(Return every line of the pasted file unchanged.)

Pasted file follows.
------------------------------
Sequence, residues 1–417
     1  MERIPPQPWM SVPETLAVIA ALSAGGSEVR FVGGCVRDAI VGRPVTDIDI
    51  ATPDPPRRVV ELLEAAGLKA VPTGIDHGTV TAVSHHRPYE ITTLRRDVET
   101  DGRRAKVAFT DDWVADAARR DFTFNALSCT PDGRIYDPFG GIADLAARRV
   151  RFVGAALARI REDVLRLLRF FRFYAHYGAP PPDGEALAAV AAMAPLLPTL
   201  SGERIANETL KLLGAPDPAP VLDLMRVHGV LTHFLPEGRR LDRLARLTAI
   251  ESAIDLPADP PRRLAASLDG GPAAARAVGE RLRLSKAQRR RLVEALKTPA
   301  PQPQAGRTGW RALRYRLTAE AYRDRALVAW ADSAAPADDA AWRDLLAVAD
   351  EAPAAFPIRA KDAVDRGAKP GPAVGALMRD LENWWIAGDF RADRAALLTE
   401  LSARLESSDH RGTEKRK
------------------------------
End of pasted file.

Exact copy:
Sequence, residues 1–417
     1  MERIPPQPWM SVPETLAVIA ALSAGGSEVR FVGGCVRDAI VGRPVTDIDI
    51  ATPDPPRRVV ELLEAAGLKA VPTGIDHGTV TAVSHHRPYE ITTLRRDVET
   101  DGRRAKVAFT DDWVADAARR DFTFNALSCT PDGRIYDPFG GIADLAARRV
   151  RFVGAALARI REDVLRLLRF FRFYAHYGAP PPDGEALAAV AAMAPLLPTL
   201  SGERIANETL KLLGAPDPAP VLDLMRVHGV LTHFLPEGRR LDRLARLTAI
   251  ESAIDLPADP PRRLAASLDG GPAAARAVGE RLRLSKAQRR RLVEALKTPA
   301  PQPQAGRTGW RALRYRLTAE AYRDRALVAW ADSAAPADDA AWRDLLAVAD
   351  EAPAAFPIRA KDAVDRGAKP GPAVGALMRD LENWWIAGDF RADRAALLTE
   401  LSARLESSDH RGTEKRK